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Technology and Investment, 2013, 4, 255-260
Published Online November 2013 (http://www.scirp.org/journal/ti)
Open Access TI
Mobile Number Portability: A Case Study of Kenya
Metto S. Kimutai1, Kimeli V. Kimutai1, Awuor F. Mzee2
1Department of Mathematics and Computer Science, University of Eldoret, Eldoret, Kenya
2Department of Computing Sciences, Kisii University, Kisii, Kenya
Email: email@example.com, firstname.lastname@example.org, email@example.com
Received September 25, 2013; revised October 25, 2013; accepted November 2, 2013
Copyright © 2013 Metto S. Kimutai et al. This is an open access article distributed under the Creative Commons Attribution License,
In the telecommunications industry, mobile numbers are increasingly being seen as an asset of the regulato r. The free-
dom of the customer using it is left to him/her to decide which service provider to use while retaining the same number.
Mobile number portability (MNP) has been introduced to provide a platform for this freedom to the customer. The
Telecommunications market Regulator in Kenya, the Communication Commission of Kenya (CCK), began the course
of mobile number portability in 2010 through newspaper advertisement. The regulator had an aim that in the end, the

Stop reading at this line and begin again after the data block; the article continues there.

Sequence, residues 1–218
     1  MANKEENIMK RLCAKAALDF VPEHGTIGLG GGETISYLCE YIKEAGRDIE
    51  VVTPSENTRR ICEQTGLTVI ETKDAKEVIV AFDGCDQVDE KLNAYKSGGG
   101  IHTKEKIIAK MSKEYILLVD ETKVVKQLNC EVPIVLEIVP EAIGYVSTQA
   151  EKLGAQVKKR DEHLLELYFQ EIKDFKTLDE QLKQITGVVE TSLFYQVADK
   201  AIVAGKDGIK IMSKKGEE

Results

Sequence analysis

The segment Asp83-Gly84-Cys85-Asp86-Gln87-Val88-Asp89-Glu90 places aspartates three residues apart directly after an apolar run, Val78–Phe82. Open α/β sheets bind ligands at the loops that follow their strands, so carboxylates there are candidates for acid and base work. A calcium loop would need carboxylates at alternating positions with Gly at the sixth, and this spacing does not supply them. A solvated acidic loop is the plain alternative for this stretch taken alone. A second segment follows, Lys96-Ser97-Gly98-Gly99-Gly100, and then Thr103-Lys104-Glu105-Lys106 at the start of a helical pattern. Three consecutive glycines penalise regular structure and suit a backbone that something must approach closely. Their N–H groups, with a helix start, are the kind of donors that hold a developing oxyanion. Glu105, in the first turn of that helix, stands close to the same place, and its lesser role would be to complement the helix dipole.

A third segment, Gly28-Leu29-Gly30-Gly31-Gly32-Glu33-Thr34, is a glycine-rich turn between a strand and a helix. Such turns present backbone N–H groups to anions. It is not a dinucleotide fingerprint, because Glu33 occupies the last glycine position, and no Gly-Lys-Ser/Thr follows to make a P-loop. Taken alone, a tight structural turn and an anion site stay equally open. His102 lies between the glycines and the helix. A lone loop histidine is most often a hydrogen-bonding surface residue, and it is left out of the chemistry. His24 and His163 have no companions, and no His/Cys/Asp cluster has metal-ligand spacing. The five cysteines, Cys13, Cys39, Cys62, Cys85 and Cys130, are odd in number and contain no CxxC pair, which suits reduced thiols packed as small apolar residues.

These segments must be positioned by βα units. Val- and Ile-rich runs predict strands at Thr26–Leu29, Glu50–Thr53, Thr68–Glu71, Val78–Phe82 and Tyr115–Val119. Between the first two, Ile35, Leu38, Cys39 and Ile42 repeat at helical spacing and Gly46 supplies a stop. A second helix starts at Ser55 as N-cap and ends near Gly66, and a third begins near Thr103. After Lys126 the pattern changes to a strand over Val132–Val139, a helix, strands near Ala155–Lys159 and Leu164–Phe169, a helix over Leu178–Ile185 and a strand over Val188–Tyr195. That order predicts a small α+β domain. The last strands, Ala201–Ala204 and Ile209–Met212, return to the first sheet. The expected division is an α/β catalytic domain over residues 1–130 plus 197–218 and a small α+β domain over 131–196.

right customer experience will be provided by the service providers, and help service providers to build profitable and
lasting relationships b etween the service providers and th eir customer, and to differentiate themselves in the market. In
this paper, we seek to evaluate the performance of MNP in Kenya since its launch. This paper seeks to find out how the
service has performed after the first three months of operation. We survey and analyze MNP framework in Kenya and
compare that to MNP in Japan, Finland, Sweden an d Hong Kong to establish the futur e of MNP in Kenya. It first looks
at the MNP framework as used in Kenya and the procedure for reversal in case the customer is dissatisfied with a ser-
vice provider who moves to and makes a reference to how the service has performed in other markets such as Finland,